United States Appeals Court for the Eighth Circuit
904 F.2d 1208 (1990)
Debra Henne (plaintiff) gave birth to a daughter, Alicia, in Lincoln, Nebraska, in April 1985. At the time, she was separated from her husband, Robert Henne. Alicia’s biological father, Gary Brinton, acknowledged paternity, and Mrs. Henne desired to give Alicia his surname, Brinton. On the basis of Nebraska state law, however, hospital personnel told Mrs. Henne that she was required to give Alicia the surname Henne because Debra and Robert Henne were still legally married. Linda Spidell (plaintiff) gave birth to a daughter, Quintessa, in Lincoln, Nebraska, in June 1988. She was unmarried at the time, and Quintessa’s paternity was not declared. Spidell desired to give Quintessa the surname McKenzie, which she had given to her other children born in California. None of the children had any relationship to a person named McKenzie; Spidell simply liked the name and wanted all children to share it. Hospital personnel refused to allow Spidell to give Quintessa the surname McKenzie. Quintessa was therefore surnamed Spidell. Henne and Spidell sued the state of Nebraska (defendant), alleging that the statute that prevented them from naming their children as desired violated a fundamental Fourteenth Amendment right. The decision of the district court was appealed.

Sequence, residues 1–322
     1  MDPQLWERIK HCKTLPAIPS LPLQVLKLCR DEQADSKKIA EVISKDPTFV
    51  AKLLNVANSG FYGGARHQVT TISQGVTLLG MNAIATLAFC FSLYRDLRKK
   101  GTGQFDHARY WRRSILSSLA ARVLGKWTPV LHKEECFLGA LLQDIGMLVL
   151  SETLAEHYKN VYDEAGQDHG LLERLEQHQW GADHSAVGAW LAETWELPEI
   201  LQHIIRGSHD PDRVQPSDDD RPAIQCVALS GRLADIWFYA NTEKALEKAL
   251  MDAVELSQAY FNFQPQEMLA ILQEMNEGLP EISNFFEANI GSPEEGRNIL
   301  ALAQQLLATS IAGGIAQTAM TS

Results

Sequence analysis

Rule of Law
Holding and Reasoning (Bright, J.)
Concurrence/Dissent (Arnold, J.)
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